With the abundance of wildlife and wilderness in the Black Hills, it is an ideal destination for birdwatching. The state has nine national wildlife refuges, six national parks, and 925,783 acres of important bird areas. Popular South Dakota birds include Gadwall, Upland Sandpiper, Ruffed Grouse, Say’s Phoebe, American Dipper, Grasshopper Sparrow, Red Crossbill, and Western Tanager.
Make sure to not disturb birds in their habitats. Stay a safe and respectful distance and use binoculars to get a closer look. Watch for signs indicating the presence of birds specially protected from intrusion, like least terns and piping plovers.
Badlands National Park
The dramatic and harsh Badlands landscape houses many bird species. Merlin and white-throated swifts can be seen from the Cliff Shelf Trail. Raptors like prairie falcons can be seen in the South Unit of the Badlands. The Sage Creek Wilderness Area also contains several bird species. Contact the Badlands park headquarters for maps and recent bird sightings of interest.
Spearfish Canyon is a beautiful nature area with numerous majestic waterfalls, hidden caves, steep canyons, and ponderosa pine forests. American dippers have nested behind Bridal Veil Falls. Other birds to look for include broad-winged hawk, red-tailed hawk, canyon wren, downy woodpecker, and red-breasted nuthatch. Birdwatching is best done in Spearfish canyon from April through September.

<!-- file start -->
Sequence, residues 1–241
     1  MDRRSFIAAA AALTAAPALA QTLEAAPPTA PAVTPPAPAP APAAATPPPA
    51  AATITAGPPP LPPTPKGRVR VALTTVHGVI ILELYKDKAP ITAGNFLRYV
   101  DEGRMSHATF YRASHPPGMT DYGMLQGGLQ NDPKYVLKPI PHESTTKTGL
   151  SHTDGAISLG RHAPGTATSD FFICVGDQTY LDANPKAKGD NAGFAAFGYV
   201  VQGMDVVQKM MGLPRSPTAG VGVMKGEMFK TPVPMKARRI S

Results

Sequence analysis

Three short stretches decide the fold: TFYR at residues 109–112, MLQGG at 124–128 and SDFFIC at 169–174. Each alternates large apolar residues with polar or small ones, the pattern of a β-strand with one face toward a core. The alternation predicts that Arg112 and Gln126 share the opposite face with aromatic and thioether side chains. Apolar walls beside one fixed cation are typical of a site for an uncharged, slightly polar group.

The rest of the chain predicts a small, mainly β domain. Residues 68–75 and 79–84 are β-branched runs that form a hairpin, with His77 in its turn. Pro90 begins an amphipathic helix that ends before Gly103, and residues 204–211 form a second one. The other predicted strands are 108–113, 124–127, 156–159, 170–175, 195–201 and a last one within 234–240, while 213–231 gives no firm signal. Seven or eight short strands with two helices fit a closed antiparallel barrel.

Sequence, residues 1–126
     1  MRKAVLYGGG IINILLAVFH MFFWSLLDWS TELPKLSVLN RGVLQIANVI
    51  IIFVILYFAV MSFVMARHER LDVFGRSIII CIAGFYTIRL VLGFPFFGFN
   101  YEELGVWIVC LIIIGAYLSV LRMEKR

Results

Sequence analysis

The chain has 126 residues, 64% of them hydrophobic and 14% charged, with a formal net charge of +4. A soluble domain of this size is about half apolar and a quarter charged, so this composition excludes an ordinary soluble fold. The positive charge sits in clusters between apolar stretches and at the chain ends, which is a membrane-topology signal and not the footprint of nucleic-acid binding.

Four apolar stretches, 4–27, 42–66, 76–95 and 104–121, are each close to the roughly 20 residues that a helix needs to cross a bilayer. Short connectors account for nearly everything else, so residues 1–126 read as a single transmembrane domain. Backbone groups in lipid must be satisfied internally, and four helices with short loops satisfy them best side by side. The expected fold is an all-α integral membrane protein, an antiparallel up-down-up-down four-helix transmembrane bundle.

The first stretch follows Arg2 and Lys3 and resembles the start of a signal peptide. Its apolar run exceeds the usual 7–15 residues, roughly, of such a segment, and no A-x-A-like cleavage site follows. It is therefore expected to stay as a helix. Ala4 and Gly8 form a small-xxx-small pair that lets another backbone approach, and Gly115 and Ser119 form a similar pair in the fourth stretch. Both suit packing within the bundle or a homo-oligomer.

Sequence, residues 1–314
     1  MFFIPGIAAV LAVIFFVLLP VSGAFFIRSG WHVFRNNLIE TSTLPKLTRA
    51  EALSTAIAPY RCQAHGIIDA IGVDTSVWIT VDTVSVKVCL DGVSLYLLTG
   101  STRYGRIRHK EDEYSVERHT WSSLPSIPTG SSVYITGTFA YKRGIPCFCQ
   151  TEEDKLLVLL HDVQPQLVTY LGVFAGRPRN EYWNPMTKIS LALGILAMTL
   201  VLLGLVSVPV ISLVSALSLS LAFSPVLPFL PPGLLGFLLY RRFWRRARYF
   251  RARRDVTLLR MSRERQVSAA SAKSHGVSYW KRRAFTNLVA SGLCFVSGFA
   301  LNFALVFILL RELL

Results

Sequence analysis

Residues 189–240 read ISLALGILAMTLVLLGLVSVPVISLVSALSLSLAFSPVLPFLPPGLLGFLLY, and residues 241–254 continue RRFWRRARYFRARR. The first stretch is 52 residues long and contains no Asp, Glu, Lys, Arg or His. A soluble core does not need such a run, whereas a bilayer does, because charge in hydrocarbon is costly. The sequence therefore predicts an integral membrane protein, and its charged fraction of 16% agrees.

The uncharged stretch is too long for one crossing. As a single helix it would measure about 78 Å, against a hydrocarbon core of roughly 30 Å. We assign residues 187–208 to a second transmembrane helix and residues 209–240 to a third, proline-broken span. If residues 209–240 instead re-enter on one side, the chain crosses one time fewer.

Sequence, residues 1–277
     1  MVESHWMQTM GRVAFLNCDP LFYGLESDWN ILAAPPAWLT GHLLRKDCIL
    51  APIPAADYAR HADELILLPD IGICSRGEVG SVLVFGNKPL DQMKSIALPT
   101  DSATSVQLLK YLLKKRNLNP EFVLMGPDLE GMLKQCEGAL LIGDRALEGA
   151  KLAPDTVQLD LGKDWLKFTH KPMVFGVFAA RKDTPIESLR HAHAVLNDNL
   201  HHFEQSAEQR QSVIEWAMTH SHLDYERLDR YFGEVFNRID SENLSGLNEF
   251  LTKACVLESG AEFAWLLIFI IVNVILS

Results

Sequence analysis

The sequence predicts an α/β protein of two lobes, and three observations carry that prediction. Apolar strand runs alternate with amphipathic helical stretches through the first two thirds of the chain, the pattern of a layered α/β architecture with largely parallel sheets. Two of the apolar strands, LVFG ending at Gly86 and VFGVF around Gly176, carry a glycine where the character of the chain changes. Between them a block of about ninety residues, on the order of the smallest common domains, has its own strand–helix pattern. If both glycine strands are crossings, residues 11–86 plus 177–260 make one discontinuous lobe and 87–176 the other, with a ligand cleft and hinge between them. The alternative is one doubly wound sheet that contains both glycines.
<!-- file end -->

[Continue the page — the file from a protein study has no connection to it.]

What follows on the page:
Custer State Park
The French Creek Nature Area and Wildlife Loop, Sylvan Lake, Black Elk Peak, and Little Devil’s Tower are the best spots in the park for birdwatching. The French Creek Trail has species such as pinyon jay, black-backed woodpecker, white-throated swift, upland sandpiper, and more. Sylvan Lake, Black Elk Peak, and Little Devil’s Tower are all great area to see ruffed grouse, red-headed woodpecker, red crossbill, American three-toed woodpecker, pine siskin, and white-winged crossbill, to name a few.
Spearfish’s Mirror Lake has a diverse and mixed habitat among the open water. Birdwatching is best here from March through October. Look for birds like short-eared owl, marsh wren, song sparrow, American robin, and Baltimore orioles. The shrub and grassland around the lake make for great birding, in the event of heavy fishing activity on the lake itself.
Located only 15 miles outside Rapid City, this 800 acre reservoir has 14 miles of shoreline and habitats ideal for birdwatching. Look for migrating waterfowl, bald eagles in the winter, and red-breasted nuthatch and black-capped chickadee in the summer. Long-tailed ducks are spotted at Pactola Reservoir on occasion.